Fox News' Gretchen Carlson is graduating from the goofily toxic morning program Fox & Friends to Fox News' more staid (but no less toxic) daytime programming block. Per Politico, The View regular Elisabeth Hasselbeck will be taking over co-host duties on Fox & Friends while Carlson will "anchor an hour-long daytime show." The distinction between Fox News' morning and daytime programming is significant (at least on paper), as network executives insist that a clear division exists between the morning and evening "opinion" programs, and the "objective" news coverage during the day. In practice, this "division" is a fiction meant to prop up the equally fictional "Fair & Balanced" network slogan.
The mere fact that Fox News would transition a host from the "opinion" block to the news side suggests that the network doesn't give any real import to the news/opinion divide. Carlson, however, should fit right in as a Fox daytime anchor. She's delightfully unobjective and is not shy about dispensing campaign advice to Republican candidates and offering helpful suggestions on how to best attack their Democratic opponents. She even once struggled with her intense desire to "deck" Joe Biden after his vice presidential debate with Paul Ryan. She's a big believer in the pernicious "liberal media" conspiracy, sounds the alarm over "class warfare," thinks President Obama is on an apology tour, and attributes the president's popularity to Americans' general ignorance.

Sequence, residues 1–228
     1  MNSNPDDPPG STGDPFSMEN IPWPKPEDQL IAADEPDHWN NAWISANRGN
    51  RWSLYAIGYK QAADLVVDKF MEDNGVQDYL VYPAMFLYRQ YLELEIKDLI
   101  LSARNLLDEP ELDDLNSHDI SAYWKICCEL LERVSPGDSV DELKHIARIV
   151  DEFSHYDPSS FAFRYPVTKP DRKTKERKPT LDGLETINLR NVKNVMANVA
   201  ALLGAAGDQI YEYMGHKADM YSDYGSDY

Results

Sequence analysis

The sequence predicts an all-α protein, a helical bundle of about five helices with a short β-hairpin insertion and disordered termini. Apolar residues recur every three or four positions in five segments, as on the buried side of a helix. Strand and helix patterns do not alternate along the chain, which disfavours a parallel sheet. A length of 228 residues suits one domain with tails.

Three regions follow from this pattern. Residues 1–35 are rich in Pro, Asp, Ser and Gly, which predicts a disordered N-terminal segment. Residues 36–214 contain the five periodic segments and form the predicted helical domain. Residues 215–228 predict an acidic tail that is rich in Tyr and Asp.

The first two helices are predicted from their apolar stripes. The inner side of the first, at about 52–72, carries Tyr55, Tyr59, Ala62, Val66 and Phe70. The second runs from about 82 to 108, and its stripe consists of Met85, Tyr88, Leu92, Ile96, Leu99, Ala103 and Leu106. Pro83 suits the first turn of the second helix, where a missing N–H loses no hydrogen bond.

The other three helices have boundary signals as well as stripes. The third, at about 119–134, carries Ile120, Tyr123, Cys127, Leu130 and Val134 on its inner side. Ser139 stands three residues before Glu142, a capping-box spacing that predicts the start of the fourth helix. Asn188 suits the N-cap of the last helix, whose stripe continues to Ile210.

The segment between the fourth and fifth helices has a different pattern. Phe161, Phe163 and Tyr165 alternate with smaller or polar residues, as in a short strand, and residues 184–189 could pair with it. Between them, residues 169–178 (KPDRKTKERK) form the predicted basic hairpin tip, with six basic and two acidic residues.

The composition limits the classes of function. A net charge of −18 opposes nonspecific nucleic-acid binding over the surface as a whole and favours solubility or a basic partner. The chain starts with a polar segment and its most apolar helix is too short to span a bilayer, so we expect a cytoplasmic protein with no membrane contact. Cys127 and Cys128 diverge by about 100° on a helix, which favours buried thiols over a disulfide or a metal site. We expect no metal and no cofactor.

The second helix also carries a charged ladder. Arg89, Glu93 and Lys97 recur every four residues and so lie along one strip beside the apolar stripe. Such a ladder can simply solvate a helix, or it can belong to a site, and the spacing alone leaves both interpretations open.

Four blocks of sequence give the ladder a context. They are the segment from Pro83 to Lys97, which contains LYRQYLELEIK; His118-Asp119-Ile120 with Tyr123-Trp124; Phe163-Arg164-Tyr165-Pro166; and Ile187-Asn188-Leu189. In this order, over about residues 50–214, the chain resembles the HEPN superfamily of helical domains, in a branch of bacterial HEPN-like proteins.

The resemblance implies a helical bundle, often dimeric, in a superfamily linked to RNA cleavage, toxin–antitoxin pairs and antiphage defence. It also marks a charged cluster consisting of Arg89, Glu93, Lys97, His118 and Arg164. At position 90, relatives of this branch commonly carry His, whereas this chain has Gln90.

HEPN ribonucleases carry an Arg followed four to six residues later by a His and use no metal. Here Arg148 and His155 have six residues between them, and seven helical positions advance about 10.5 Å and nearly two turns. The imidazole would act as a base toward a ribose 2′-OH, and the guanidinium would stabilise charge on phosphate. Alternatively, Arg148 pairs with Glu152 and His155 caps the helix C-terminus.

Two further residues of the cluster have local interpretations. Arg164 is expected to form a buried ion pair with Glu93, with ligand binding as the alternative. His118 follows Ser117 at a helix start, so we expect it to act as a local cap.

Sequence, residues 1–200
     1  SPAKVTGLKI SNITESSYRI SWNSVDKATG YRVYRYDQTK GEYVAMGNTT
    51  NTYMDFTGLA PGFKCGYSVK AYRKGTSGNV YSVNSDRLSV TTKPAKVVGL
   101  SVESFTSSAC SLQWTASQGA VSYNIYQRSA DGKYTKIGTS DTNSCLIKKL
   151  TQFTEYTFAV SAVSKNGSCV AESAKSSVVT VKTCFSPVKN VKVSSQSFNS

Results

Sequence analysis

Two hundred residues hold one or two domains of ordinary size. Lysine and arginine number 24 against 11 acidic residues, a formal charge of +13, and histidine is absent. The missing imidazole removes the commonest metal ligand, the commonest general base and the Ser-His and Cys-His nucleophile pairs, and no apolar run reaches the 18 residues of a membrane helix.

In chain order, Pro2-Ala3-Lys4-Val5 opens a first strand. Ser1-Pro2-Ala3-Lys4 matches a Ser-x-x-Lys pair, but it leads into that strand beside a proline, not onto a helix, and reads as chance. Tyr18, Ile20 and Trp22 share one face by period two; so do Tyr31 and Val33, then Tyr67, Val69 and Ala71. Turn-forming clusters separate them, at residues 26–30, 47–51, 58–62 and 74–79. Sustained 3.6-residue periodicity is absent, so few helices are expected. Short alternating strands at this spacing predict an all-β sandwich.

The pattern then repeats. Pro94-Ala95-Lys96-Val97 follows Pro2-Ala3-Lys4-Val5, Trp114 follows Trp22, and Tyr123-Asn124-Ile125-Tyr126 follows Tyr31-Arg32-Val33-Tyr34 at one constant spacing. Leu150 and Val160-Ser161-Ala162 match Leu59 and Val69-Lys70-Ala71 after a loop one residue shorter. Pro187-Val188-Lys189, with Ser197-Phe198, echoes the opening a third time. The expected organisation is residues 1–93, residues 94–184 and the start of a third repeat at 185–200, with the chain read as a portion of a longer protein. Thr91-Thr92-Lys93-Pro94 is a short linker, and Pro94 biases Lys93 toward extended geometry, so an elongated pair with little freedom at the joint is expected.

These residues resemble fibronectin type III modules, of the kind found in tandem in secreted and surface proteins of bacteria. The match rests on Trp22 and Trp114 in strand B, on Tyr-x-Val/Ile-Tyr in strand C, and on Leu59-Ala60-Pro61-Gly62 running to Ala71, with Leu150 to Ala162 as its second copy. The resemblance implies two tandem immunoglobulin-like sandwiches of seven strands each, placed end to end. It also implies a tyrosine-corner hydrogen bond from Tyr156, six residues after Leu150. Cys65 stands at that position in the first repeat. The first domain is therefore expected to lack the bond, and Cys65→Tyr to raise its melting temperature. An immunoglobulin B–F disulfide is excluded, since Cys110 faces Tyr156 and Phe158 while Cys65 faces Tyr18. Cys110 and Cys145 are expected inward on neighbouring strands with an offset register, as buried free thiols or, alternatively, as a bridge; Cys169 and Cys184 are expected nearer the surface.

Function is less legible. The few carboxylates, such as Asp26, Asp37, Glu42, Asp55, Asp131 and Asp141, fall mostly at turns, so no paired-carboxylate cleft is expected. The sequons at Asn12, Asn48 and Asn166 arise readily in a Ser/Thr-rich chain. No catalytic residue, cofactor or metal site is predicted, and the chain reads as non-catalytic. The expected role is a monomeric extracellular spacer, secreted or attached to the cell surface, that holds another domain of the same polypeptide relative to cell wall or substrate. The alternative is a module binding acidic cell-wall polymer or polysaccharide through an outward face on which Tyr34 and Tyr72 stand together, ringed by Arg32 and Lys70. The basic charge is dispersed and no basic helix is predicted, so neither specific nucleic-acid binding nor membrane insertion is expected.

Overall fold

Carlson gets tripped up on how the tax code works. Her grasp of how unemployment statistics work is sometimes lacking. She believes "entitlement programs" like Social Security and Medicare, which workers pay into, are "government handouts." All those deficiencies might be a deal-killer at an actual news outfit, but at Fox they get you promoted.
Carlson's most important attribute, however, is her connection to the people. Not all the people, mind you. Just "some people," and what they're "saying." And that "some people are saying" construction is really all one needs to find success as a Fox News daytime anchor. As a news anchor she can frame a story around a truculent pile of right-wing nonsense, but so long as it's swaddled in the "some say" dodge, she can maintain the illusion of journalistic detachment. It's not Gretchen Carlson who's saying Barack Obama is "apologizing to these Muslim terrorists," it's some people who are saying that. Gretchen Carlson would never say "the American dream" is "under attack" from the Obama White House; that's just what "a lot of people" think. And she's just reporting what they're saying. Like a real reporter would.
In that respect, Carlson will be a perfect fit for Fox News' "straight news" daytime schedule. At least, that's what some are saying.